This well-rounded version is as versatile as it is durable, rugged as it is refined, and as fun as it is serious about the task for which it was built. Whether tooling around the backcountry or driving it daily to work, the Jeep Wrangler can fit the need. It is just as fun for those who are new to the sport of wheeling as it is for those who have been doing it all their life and the Wrangler can be optioned from the basic to the near luxurious, with options unheard of in this class of vehicle 10 or even five years ago. It can do things no other production vehicle can, yet it is as civilized as the family sedan.
The Wrangler, without apologies, is the best 4x4 in production today, and it just so happens to be a really decent vehicle when it is on the pavement too. The Wrangler has set the bar high and for these reasons, we stand behind the 2012 Jeep Wrangler Rubicon as our 2012 Four Wheeler of the Year.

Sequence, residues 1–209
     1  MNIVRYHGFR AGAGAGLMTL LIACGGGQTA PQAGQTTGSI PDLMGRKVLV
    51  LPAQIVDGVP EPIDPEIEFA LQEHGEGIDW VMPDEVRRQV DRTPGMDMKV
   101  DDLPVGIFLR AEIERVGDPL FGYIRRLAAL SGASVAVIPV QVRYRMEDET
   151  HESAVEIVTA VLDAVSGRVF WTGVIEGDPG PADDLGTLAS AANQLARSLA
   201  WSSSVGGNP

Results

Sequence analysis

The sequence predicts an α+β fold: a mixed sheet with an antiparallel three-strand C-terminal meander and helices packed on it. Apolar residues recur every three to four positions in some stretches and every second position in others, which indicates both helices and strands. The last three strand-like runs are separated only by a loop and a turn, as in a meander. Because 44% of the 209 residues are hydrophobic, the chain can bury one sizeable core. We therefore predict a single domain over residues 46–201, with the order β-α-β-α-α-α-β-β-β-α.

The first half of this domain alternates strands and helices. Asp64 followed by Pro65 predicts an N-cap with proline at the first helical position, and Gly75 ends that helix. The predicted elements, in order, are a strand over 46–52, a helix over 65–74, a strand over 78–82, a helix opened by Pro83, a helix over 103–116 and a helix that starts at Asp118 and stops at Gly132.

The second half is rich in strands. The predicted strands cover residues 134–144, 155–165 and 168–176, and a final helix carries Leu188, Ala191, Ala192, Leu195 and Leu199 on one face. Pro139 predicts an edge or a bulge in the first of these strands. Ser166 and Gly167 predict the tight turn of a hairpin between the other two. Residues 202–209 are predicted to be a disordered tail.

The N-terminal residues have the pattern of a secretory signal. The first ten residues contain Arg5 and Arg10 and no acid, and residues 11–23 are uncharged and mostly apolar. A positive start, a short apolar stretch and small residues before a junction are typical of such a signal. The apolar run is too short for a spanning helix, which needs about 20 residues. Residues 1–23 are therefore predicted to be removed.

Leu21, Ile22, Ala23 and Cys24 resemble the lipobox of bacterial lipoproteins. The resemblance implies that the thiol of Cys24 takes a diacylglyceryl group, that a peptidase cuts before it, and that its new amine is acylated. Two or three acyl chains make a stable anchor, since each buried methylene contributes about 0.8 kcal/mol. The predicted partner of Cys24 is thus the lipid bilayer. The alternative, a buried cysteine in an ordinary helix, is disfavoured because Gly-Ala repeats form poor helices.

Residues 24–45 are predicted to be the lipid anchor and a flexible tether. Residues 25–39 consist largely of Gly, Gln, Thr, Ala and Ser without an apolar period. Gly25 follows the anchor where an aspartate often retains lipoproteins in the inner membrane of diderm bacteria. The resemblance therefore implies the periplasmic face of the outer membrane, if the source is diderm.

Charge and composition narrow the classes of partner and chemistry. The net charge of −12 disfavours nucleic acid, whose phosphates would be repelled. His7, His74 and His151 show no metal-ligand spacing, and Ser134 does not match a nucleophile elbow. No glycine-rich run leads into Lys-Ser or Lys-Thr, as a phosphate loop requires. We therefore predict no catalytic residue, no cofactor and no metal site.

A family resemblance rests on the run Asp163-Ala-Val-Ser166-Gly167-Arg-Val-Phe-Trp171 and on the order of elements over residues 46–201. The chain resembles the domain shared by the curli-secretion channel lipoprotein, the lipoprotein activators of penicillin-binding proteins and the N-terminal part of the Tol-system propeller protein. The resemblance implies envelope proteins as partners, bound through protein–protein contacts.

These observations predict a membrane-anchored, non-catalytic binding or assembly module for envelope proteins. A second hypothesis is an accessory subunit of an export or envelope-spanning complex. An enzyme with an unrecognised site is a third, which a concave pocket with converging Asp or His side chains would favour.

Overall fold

Great engine/trans combo, super maneuverable, fun
Rear seats hard to access, limited cargo space
2012 Four Wheeler of the Year
From the Logbook:
- “Highly maneuverable in any terrain.”
- “This is the anvil of 4x4s – versatile for a short wheelbase.”
- “Why does the Nav keep zooming in at every turn? Stop already!”
- “Nothing better than driving down a fast dirt road with the windows down on a warm desert morning.”
- “The six-speed and this engine are unbelievably fun together.”
Specifications As Tested